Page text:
Russian Neo-Revisionism and Dilemmas of Eurasian Integration
Eurasian integration was the centrepiece of President Vladimir Putin’s third term in the Kremlin. His keynote article published in October 2011, a few months before the presidential election of 4 March 2014, emphasized the success of the Customs Union with Belarus and Kazakhstan, which was completed on 1 July 2011, and the imminent creation on 1 January 2012 of the Single Economic Area with the three countries including standardized legislation and the free movement of capital, services and labour. Putin outlined plans for the enlargement of this project to encompass Kyrgyzstan, Tajikistan (and Armenia) and its evolution into a Eurasian Economic Union (EEU) and eventually a Eurasian Union (EaU). Putin insisted that the integrative dynamic in the Commonwealth of Independent States (CIS) was prompted in part by the challenge of the global economic crisis, but also reflected the needs and traditions of the region. The distinguishing feature of the envisaged Eurasian Union is the creation of supranational structures, including a much-enhanced Eurasian Economic Union Commission in which the four founding members (by now Armenia had joined) plus Kyrgyzstan would each have two commissioners with equal rights. Putin noted that it had taken 40 years to travel from the European Coal and Steel Community to the full-fledged European Union, a path that he suggested would be traversed far more quickly in Eurasia.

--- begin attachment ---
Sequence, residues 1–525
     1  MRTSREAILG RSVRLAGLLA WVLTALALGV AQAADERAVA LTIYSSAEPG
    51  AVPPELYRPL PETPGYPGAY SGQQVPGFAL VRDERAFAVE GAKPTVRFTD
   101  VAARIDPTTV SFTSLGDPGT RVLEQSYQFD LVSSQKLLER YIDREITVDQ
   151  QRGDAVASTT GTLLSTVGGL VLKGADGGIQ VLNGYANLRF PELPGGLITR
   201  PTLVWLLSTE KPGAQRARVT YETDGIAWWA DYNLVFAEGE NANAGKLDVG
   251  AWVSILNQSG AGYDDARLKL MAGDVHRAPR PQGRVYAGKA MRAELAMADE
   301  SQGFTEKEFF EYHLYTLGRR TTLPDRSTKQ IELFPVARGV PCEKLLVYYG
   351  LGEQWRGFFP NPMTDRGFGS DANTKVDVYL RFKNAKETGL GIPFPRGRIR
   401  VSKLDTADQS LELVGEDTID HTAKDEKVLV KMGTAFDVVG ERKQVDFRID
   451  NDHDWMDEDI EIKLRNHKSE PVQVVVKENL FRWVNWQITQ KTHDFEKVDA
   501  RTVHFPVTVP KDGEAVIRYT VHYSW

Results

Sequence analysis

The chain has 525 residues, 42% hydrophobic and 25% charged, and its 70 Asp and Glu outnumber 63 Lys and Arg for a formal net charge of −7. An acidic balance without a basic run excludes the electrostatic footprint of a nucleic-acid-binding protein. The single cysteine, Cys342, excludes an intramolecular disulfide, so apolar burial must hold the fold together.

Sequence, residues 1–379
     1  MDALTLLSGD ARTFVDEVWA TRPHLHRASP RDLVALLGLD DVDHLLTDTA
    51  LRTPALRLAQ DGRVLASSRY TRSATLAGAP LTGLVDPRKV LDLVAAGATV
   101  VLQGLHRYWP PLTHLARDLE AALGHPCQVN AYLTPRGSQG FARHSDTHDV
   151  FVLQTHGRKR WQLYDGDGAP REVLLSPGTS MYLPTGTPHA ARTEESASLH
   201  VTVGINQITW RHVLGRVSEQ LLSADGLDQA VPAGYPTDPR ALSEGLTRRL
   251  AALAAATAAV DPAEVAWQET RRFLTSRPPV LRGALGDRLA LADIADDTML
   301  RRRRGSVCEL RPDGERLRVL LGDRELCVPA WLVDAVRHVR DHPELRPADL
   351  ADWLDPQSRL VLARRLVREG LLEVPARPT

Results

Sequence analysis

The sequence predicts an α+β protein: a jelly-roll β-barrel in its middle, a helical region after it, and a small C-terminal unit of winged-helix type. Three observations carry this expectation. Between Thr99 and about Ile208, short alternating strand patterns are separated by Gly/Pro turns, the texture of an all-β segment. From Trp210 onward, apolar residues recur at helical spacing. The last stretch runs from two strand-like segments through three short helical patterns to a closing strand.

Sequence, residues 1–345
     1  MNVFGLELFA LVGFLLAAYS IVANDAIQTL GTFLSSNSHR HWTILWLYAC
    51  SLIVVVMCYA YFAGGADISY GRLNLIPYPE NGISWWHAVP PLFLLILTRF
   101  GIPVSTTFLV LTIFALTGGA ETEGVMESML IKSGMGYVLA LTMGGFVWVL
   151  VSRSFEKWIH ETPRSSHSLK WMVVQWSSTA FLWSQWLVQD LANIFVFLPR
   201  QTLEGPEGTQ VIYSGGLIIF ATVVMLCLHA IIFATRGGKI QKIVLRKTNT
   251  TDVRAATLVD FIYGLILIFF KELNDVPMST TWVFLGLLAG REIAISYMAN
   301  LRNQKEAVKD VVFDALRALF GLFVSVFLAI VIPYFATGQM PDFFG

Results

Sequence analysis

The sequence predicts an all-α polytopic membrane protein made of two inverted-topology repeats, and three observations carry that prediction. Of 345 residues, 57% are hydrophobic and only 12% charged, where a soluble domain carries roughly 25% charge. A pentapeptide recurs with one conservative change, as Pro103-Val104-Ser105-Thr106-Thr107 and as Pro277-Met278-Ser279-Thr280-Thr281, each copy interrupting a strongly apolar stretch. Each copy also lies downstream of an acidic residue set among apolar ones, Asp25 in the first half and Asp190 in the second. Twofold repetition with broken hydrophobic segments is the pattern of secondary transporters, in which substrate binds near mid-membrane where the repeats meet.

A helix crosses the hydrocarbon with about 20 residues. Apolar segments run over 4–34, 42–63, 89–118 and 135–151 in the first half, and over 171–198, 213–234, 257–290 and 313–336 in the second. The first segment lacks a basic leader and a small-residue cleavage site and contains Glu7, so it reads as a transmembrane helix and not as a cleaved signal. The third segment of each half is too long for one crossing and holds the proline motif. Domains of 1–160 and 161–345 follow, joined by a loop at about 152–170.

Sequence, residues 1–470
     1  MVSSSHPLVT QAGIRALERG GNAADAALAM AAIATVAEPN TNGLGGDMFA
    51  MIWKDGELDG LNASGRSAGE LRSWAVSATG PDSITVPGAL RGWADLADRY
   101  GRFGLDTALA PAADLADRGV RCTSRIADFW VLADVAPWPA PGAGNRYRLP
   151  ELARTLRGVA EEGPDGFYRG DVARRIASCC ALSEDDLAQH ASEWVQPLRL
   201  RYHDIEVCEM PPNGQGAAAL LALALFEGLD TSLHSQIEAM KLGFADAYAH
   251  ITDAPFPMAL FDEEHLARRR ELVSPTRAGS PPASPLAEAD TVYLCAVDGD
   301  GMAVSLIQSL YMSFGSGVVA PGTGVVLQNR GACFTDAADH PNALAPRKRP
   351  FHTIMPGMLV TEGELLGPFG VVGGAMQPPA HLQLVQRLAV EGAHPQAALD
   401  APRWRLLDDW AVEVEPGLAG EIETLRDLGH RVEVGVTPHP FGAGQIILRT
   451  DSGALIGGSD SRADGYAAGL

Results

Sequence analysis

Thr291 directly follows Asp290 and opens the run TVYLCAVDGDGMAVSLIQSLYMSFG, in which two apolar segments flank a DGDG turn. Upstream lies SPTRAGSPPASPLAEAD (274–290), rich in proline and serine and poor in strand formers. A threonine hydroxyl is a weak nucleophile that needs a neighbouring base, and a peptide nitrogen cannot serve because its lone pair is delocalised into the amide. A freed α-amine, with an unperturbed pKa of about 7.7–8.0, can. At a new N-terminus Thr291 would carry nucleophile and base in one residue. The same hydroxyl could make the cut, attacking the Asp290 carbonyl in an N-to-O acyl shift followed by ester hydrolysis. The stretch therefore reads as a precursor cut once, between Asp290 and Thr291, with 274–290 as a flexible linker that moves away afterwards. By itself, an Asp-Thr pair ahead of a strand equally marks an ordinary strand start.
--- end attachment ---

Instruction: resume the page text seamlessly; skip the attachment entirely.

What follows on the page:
KeywordsEuropean Union Shanghai Cooperation Organization European Union Enlargement Eastern Partnership Atlantic System
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